Seeing Double: Talking to Townsend’s Latest Twins

Seeing+Double%3A+Talking+to+Townsend%E2%80%99s+Latest+Twins
HTML tutorial

In the hallways, friends often exchange short greetings and update each other about their life. However, this conversation can quickly become awkward when it’s clear one person in the conversation thinks they are talking to someone else. No one quite understands this frustration better than identical twins, especially those in the same school. 

Juniors Benjamin and David Babayev are one of several sets of twins inTownsend Harris High School. “[People] always compare us, and I’m frequently mistaken for David,” Benjamin said. 

“They typically guess my name first, probably because I’m more social than my brother, so I speak to more people,” said David. 

Junior Alex Cho has a twin brother at Cardozo High School, Daniel. He said he had similar experiences to David : “Even recently, when my brother came in to watch the FON performance, I’ve had at least ten people telling me about their awkward encounter with my brother [when they called him] my name and he just kind of looked at them weirdly.”

“They say, ‘Which one are you?’ That’s the worst phrase because I’m a person, not an object,” Benjamin said. 

David said, “one of the most annoying things surprisingly isn’t when people don’t know which twin I am, it’s when someone would be afraid to ask me something or say hi, because they are afraid that I’m the wrong brother.”

Junior Jeremy Diaz described a different experience. Junior Brandon Diaz is his fraternal twin brother. “People don’t believe me when I say that I’m a twin,” he said.  

It is inevitable to mistake identical twins visually, but other comparisons can create tension too, especially academically. “I was valedictorian and he was salutatorian,” Benjamin said. 

Alex said that academic comparisons often fueled his desire to improve.  

It is a popular trope in films that twins are able to read each other’s minds. At THHS, the different twins have varying opinions on this. In response to this “telepathy” assumption, Alex said, “I’d say that having known my brother for the past 17 years, 7 months, 6 days, 14 hours, and 11 minutes…we often have opposing views on many things and though we do know how the other feels, as a proud empath myself, we do not know why we’re feeling that certain way.”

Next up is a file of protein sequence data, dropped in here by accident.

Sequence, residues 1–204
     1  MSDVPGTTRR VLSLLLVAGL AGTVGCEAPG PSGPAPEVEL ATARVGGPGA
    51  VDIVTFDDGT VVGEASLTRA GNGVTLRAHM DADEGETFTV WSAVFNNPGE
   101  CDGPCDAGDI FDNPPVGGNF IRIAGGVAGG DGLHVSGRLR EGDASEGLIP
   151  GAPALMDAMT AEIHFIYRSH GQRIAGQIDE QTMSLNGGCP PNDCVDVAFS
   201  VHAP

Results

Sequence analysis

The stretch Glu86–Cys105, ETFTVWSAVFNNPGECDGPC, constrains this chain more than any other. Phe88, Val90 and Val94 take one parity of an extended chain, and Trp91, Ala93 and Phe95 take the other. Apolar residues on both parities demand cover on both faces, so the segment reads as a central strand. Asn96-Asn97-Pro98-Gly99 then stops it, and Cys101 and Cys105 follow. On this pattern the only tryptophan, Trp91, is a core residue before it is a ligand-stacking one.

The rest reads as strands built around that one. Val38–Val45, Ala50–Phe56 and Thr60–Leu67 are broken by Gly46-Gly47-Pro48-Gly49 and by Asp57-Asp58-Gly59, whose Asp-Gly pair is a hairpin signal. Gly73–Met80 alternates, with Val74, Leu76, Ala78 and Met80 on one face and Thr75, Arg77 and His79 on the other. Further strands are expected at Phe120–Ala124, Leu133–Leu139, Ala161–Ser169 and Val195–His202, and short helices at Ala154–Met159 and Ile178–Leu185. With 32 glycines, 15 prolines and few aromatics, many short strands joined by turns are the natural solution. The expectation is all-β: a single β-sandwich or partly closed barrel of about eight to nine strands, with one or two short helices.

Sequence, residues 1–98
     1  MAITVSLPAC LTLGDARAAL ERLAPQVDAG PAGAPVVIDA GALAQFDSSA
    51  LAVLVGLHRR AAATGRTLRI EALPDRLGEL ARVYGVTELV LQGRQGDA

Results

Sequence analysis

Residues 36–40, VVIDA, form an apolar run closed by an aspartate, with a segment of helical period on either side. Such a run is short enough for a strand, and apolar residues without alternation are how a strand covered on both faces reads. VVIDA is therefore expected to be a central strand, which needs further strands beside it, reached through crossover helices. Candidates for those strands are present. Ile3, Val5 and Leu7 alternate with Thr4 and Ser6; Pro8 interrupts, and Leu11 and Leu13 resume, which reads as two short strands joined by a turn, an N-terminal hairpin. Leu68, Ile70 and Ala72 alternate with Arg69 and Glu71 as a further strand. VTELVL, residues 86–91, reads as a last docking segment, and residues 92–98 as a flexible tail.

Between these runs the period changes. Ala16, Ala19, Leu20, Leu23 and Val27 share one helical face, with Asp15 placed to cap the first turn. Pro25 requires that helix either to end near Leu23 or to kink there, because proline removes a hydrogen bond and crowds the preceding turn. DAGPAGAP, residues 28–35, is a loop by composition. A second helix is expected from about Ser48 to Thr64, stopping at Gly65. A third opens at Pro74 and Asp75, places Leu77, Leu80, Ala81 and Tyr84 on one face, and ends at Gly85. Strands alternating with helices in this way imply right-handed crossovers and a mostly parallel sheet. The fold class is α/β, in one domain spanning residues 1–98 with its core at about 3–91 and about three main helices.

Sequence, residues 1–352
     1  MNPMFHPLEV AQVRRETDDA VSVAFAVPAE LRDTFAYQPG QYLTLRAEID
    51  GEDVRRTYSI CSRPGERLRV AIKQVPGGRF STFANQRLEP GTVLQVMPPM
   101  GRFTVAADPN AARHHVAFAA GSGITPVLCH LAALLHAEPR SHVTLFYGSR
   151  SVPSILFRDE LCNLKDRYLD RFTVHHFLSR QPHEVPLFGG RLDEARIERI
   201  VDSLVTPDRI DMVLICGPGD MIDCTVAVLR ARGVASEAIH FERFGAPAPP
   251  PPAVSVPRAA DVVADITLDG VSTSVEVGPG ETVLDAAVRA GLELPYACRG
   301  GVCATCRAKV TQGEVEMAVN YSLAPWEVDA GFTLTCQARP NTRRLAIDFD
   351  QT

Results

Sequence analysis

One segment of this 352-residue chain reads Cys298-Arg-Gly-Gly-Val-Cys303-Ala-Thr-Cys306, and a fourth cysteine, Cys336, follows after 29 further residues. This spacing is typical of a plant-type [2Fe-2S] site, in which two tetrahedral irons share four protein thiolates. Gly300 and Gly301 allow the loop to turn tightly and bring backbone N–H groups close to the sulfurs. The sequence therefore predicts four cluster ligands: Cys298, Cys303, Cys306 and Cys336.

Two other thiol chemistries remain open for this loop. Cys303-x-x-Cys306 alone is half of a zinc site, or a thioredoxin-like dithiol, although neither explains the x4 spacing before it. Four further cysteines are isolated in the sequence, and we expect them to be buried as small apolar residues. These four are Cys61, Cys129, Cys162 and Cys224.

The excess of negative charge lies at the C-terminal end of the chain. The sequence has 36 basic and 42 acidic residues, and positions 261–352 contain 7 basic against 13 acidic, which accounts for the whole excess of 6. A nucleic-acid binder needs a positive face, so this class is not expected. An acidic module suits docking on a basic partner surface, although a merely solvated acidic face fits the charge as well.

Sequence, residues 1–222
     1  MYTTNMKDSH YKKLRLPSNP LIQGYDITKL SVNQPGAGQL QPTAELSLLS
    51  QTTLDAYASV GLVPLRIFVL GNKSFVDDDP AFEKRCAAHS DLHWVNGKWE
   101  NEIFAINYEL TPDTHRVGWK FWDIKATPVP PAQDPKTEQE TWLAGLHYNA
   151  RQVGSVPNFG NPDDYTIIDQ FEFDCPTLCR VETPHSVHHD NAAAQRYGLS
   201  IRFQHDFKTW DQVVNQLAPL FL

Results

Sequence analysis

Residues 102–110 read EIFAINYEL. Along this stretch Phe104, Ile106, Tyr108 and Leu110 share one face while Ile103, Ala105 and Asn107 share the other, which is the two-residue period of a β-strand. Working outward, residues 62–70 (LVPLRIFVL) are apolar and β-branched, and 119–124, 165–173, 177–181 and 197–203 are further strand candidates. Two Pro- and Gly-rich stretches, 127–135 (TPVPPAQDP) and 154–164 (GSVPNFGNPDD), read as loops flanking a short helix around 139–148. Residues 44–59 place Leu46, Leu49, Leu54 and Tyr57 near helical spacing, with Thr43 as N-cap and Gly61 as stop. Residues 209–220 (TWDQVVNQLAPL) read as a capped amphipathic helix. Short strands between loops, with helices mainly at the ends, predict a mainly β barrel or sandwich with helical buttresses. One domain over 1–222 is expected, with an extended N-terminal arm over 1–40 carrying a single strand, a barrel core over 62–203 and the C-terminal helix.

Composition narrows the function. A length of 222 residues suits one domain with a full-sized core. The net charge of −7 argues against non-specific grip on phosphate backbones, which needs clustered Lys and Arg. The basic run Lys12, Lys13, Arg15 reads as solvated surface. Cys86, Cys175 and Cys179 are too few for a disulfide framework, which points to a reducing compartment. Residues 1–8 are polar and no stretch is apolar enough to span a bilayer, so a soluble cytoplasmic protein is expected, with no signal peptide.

“I can read his face really well. When we were younger and if he threw up, I would throw up five minutes later,” Benjamin said.                         

According to David, knowing each other too well can become troublesome when it comes to the Babayevs’ shared interest in theater. “Typically it’s hard for twins to act in different roles in a play because it would be confusing if two different characters had the same face on stage,” he said.  

Nonetheless, different interests can lead to different paths over time. “I want to pursue law. [David] wants to do something in the medical field,” Benjamin said.

The Diaz twins on the other hand remain competitive in other areas. “We both play baseball and we have competitions as to who will do better during games,” Jeremy said. 

Despite any competitiveness, the company they provide for each other holds their bond together. “He’s always there for me. A buddy,” Benjamin said. 

Photos courtesy of Benjamin Babayev

close